Chaucer's Canterbury Tales Chaucer's Masterpiece Term Paper

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Chaucer's Canterbury Tales

Chaucer's masterpiece, the Canterbury Tales, presents in vivid, honest, and often amusing detail the great variety of human interaction. Especially insightful are his portrayal of romantic relationships. Chaucer presents such a broad spectrum of relationships that it is easy to find both successful and unsuccessful examples of More's three types of mates: those brought about by nature, those by chance, and those by choice.

The first category, nature, can be difficult to define in Chaucer, since his work is so governed by the medieval conflagration of nature, divinity, and Fate. If we take nature to mean simply phenomena concerning the natural world, then we can find an example of a successful natural relationship in Constance and Alla from the Man of Law's Tale, who are brought together when winds bring Constance's ship to his land. An unsuccessful natural relationship might be Aurelius and Dorigen in the Franklin's Tale, who enter into flirtation in a spring garden and are almost united by the magical manipulation of stones on the beach.

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Examples of love by chance are plentiful in the tales. The notable successful relationship is that of Palomon and Emily, who come together only by virtue of Arcite's fall from a horse -- though truthfully Emily was prepared to have a successful relationship with whoever was sent her way by "Fortune's favours" (75). Returning to the Man of Law's Tale, we find an example of an unsuccessful relationship by chance -- that of Constance and the Sultan, who are brought together because Syrian merchants tell him of her beauty and he decides, sight unseen, that he must have her. It does not end well for him.

Unions by choice also abound in Chaucer's work, but rarely do they occur within marital vows. Most examples, such as Nicholas and Alison from the Miller's Tale, involve a spouse married to someone they don't love and choosing to engage in a relationship with someone they do love. A notable exception to this is the Wife of Bath, who chooses the last of her five husbands out of love and, after some violent negotiations about control, lives very happily with him.

TOPIC: Term Paper on Chaucer's Canterbury Tales Chaucer's Masterpiece, the Canterbury Assignment

Language often plays a central role in these relationships. Sometimes it is the cause. Nicholas wins Alison with words: "[He] spoke so fair in proffering what he could / That in the end she promised him she would" (91). In the Man of Law's Tale, the Sultan falls in love with Constance simply by hearing tell of her beauty. Sometimes, language gets the characters into more serious circumstances than they intended. For instance, it is Dorigen's spoken pledge to Aurelius that gets her into a bind, and her husband reminds her that she "must keep [her] word" (429).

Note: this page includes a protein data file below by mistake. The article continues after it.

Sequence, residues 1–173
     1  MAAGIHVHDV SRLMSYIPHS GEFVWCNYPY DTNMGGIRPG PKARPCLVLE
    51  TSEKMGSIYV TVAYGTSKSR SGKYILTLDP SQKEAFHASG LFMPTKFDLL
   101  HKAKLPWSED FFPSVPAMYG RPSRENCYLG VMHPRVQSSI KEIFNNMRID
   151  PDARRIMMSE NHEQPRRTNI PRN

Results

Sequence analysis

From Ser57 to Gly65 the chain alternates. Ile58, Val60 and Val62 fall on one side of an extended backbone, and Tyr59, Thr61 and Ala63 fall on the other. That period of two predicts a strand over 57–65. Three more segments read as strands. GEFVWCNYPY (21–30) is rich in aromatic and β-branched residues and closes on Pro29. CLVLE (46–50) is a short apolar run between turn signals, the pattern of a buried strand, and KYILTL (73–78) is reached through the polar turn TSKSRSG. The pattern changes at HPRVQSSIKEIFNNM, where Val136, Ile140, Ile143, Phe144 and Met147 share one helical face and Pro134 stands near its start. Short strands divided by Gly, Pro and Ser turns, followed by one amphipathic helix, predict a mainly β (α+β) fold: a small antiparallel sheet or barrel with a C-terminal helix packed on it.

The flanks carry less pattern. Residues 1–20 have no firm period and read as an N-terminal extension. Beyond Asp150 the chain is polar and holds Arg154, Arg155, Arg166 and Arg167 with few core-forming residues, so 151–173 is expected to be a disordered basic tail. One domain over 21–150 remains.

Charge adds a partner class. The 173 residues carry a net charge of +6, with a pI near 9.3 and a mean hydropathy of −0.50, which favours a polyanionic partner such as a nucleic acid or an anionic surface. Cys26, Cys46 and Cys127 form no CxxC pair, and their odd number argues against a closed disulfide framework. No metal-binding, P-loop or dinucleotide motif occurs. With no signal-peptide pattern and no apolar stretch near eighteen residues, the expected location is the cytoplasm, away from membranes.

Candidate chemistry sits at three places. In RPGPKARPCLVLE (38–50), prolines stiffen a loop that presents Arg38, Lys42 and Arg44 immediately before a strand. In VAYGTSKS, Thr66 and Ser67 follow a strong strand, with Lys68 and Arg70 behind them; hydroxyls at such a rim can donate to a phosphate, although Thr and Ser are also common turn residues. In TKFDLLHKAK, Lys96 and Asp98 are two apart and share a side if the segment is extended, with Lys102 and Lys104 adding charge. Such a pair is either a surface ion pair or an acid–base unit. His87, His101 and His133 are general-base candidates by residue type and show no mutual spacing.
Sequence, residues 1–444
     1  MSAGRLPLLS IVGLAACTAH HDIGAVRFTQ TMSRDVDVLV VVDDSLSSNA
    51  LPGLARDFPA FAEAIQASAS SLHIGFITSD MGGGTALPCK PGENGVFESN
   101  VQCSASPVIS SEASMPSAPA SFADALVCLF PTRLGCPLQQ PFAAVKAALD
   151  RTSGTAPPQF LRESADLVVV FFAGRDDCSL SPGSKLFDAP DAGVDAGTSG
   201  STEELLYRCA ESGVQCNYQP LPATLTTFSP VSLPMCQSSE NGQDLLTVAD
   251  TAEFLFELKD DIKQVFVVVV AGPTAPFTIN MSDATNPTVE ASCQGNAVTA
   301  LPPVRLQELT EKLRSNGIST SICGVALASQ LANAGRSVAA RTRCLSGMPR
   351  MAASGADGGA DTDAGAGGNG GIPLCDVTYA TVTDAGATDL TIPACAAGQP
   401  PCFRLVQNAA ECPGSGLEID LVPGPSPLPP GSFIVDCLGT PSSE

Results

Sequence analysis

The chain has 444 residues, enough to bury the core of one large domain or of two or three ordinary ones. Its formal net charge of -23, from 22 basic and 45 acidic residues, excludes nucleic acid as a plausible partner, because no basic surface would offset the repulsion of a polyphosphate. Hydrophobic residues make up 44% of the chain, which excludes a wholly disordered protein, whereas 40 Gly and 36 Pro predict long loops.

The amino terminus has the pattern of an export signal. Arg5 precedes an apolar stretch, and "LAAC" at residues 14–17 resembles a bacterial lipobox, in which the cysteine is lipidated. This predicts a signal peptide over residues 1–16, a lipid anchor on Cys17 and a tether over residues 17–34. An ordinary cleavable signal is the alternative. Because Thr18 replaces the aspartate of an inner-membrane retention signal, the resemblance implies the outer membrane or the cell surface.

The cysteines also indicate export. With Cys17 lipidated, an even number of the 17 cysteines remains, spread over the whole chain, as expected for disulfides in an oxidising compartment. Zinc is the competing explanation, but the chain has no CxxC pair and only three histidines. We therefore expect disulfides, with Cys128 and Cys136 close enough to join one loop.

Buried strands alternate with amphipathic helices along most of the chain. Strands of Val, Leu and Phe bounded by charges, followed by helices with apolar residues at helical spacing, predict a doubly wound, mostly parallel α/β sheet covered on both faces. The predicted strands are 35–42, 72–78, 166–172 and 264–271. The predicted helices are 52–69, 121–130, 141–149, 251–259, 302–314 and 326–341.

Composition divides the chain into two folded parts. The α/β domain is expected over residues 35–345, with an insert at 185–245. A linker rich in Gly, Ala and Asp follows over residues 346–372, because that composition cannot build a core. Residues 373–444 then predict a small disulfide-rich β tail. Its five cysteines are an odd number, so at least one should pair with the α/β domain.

Assignment 2: By examining the female characters in Chaucer's Canterbury Tales, we can piece together Chaucer's attitude about gender roles in medieval romantic relationship. If his tales are taken as an accurate representation of medieval society, it seems like the happiness of relationships then, much like today, relied on the attitude and expectations of the women involved.

The Knight's Tale would have failed as a chivalric romans altogether if Emily were not a proper female recipient of Arcite's and Palamon's chivalric advances. She was appropriately attractive, demure, and utterly opinionless, happy to be bound to whomever the chivalric code (embodied by Theseus) deemed worthy of her.

In contrast, Alison in the Miller's Tale is not only opinionated but clearly dismissive of the social norms that would traditionally define her. She relishes the control that she has over the men around her, even plucking her eyebrows to make herself more sexually attractive. She makes a pretense at staying faithful to her older husband, but it doesn't take much persuasion from Nicholas to sway her. Her pitiful end, however, suggests that Chaucer does not approve of her behavior.